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Nobel committee criticized for 'anti-American' approach

Comments from the top member of the Swedish Academy that American writers are too insular and ignorant to compete with European writing continue to reverberate on this side of the Atlantic.

Comments from the top member of the Swedish Academy that American writers are too insular and ignorant to compete with European writing continue to reverberate on this side of the Atlantic.

New Yorker editor David Remnick and Washington Post literary critic Michael Dirda are among the Americans who have criticized remarks by Horace Engdahl, permanent secretary of the committee that chooses winners of the Nobel Prize in Literature, which this year will be announced on Thursday.

They're not overreacting, says Toronto novelist and cultural observer Russell Smith.

"It's a shocking and ridiculous statement to make — absolutely ludicrous and absurd. It's very clear than Mr. Engdahl hasn't read much American literature," Smith told CBC cultural affairs show Q.

Smith argues this is an exciting and innovative time in English-language literature, and the Nobel committee is overlooking a significant body of writing if it doesn't consider American writers.

"There has long been suspected a bias in the Swedish academy, an anti-American bias — they have often been accused of making political choices and of favouring leftist anti-American authors," he said.

Bias goes back decades, says cultural observer

Last year's choice was Doris Lessing, who has been openly critical of U.S. policies. And the committee doesn't have much of a record in choosing writing that stands the test of time — many earlier Nobel winners have lapsed into obscurity.

The anti-American bias in the committee that chooses Nobel laureates for literature can be seen in deliberations from the 1940s, Smith said.

Although Nobel discussion is notoriously secret, the discussion from 50 years ago was recently released — and showed an academic objecting to the writing of Ernest Hemingway because he launches too quickly into a story and makes it too entertaining.

Hemingway eventually won the Nobel in 1954, years after the release of novels such as Farewell to Arms and For Whom the Bell Tolls.

Engdahl is confusing the tendency of American readers to be insular — they read very few novels in translation — with his criticism of American writing, Smith said.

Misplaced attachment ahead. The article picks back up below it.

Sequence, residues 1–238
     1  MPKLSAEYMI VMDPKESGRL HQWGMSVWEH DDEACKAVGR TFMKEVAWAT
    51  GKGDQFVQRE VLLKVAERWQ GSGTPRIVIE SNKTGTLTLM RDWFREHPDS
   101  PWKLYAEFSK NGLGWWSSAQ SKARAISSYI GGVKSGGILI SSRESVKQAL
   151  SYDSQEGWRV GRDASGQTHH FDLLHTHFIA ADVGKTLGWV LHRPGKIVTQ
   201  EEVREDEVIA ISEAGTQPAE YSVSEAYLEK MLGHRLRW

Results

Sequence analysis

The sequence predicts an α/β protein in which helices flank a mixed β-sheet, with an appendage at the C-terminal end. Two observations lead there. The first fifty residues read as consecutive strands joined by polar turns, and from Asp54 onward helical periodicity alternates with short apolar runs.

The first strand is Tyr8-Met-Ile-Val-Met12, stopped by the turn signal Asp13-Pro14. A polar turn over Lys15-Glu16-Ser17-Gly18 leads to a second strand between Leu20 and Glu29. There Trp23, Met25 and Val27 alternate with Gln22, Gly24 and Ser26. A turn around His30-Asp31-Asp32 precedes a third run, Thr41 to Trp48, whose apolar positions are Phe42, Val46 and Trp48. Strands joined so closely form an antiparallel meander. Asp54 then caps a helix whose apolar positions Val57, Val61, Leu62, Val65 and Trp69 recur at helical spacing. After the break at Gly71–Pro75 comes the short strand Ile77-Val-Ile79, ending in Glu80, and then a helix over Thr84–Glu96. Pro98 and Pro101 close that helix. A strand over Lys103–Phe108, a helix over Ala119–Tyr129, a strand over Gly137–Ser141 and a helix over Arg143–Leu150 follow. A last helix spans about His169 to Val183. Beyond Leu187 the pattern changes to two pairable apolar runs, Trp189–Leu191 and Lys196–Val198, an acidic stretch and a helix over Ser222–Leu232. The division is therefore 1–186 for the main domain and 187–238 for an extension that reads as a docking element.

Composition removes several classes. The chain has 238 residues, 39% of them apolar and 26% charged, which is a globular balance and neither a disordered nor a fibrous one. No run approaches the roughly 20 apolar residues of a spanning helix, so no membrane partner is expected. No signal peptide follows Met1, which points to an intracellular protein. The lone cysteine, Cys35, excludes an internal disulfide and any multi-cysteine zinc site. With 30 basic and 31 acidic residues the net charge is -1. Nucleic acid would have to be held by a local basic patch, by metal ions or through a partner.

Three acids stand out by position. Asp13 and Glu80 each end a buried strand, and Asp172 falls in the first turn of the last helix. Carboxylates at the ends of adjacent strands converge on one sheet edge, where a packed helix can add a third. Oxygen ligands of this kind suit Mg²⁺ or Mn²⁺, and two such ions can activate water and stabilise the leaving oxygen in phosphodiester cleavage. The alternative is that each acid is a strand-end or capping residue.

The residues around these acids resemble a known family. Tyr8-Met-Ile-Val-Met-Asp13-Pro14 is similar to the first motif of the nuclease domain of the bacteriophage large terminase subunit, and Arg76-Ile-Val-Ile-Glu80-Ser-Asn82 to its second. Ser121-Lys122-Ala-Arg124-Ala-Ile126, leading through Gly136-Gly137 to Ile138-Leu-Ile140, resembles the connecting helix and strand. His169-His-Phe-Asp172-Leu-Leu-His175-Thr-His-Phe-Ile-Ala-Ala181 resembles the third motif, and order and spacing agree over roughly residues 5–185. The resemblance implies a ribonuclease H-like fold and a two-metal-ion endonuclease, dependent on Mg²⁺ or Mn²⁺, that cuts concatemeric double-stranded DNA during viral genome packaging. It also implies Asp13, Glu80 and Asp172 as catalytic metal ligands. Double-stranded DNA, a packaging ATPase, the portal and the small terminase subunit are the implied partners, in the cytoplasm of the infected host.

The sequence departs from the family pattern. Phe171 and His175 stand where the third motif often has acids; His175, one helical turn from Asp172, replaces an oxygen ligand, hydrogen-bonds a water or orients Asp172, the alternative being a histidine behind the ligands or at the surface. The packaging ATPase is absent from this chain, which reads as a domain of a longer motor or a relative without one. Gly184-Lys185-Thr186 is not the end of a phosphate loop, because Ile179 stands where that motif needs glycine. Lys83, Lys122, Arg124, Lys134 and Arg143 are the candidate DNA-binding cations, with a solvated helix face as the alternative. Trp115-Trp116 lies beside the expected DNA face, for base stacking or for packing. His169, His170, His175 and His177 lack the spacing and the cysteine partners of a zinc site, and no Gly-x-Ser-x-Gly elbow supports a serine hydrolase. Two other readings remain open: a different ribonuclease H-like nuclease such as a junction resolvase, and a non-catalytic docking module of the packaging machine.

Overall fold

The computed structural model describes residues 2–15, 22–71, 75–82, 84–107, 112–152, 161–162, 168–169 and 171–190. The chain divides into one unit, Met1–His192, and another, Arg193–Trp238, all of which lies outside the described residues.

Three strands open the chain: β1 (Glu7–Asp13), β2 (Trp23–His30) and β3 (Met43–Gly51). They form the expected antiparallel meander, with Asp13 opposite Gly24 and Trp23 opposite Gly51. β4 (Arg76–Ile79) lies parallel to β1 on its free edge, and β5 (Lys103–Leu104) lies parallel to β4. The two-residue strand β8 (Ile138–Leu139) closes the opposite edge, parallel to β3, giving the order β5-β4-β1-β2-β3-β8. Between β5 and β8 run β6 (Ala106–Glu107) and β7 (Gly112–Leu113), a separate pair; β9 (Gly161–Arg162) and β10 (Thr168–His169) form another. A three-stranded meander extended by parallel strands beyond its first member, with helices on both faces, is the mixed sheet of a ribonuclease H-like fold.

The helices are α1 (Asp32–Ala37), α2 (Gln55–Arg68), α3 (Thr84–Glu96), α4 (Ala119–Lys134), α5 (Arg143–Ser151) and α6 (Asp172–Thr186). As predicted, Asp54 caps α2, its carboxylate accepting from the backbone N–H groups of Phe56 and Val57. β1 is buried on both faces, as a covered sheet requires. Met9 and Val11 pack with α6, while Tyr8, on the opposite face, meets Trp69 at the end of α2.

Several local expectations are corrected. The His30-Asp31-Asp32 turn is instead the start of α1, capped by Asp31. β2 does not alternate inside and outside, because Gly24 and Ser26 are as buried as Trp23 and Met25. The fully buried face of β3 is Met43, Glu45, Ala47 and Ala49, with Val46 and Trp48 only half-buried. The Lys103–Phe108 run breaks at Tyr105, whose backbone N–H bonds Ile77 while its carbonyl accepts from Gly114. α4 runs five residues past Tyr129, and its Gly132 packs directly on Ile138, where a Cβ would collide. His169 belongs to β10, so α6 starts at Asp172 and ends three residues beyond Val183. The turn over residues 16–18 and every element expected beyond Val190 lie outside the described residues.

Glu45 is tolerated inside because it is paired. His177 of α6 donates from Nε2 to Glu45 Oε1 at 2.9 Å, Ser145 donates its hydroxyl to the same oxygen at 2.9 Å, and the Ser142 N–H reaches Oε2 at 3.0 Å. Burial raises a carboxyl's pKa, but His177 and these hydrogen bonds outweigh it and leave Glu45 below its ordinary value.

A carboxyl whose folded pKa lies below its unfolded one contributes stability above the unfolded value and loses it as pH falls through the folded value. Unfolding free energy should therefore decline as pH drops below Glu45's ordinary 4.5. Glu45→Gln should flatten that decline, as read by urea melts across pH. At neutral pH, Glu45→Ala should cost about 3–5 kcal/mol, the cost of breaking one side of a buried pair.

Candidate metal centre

"He's wrong about that. He's looking at some kind of perception of the American public or perhaps of American politicians that he's seen through the media," Smith said.

Engdahl also criticized American literature as too tied to mass culture and too rooted to its place and time.

Smith cites writers such as John Updike for his literate world view and David Foster Wallace for his philosophical approach to writing.

"Mr. Engdahl is accusing these writers of not being  philosophical enough. There's no way you could say anyone of the David Foster Wallace school — and I'm thinking of writers like Nicholson Baker — are overly influenced by mass culture."

Canadians are insular readers, Smith says

The charge that writing about a particular place is not universal enough to be considered for a Nobel Prize is equally ludicrous, Smith said.

"It's silly to accuse a writer who writes about a small or isolated place of being incapable of writing a piece of fiction, literature, poetry that is not international," he said.

"Many people would argue that the more specifically located in place a work of literature is, the more true to life it is and therefore the more universal it possibly can be."

Canadians are also insular readers, Smith said. "Even between English Canada and French Canada, there's very little translation."

One effect of Engdahl's ill-informed remarks may be that Canadians such as Margaret Atwood and Alice Munro have little chance of being seriously considered by the Nobel committee, Smith said.

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